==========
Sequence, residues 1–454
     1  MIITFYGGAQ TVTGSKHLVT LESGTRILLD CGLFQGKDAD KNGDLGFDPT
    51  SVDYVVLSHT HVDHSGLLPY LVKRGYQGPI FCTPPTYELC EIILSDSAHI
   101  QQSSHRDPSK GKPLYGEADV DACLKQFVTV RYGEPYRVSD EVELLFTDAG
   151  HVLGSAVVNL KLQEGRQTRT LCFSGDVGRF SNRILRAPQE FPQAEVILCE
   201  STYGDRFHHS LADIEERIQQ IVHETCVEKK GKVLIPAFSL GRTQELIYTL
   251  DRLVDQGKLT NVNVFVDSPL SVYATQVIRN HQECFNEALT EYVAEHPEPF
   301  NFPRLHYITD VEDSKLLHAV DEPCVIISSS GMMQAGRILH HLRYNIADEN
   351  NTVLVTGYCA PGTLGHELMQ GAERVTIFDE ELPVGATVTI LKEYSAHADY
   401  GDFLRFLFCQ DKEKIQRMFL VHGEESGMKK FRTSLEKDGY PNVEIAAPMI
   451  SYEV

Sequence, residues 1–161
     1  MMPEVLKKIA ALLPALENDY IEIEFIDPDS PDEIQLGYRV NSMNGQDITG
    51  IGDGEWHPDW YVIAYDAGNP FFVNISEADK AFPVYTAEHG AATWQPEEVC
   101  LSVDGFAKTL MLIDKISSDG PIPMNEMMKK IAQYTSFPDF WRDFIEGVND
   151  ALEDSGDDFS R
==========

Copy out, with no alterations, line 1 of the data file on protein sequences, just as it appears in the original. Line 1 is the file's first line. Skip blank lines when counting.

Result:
Sequence, residues 1–454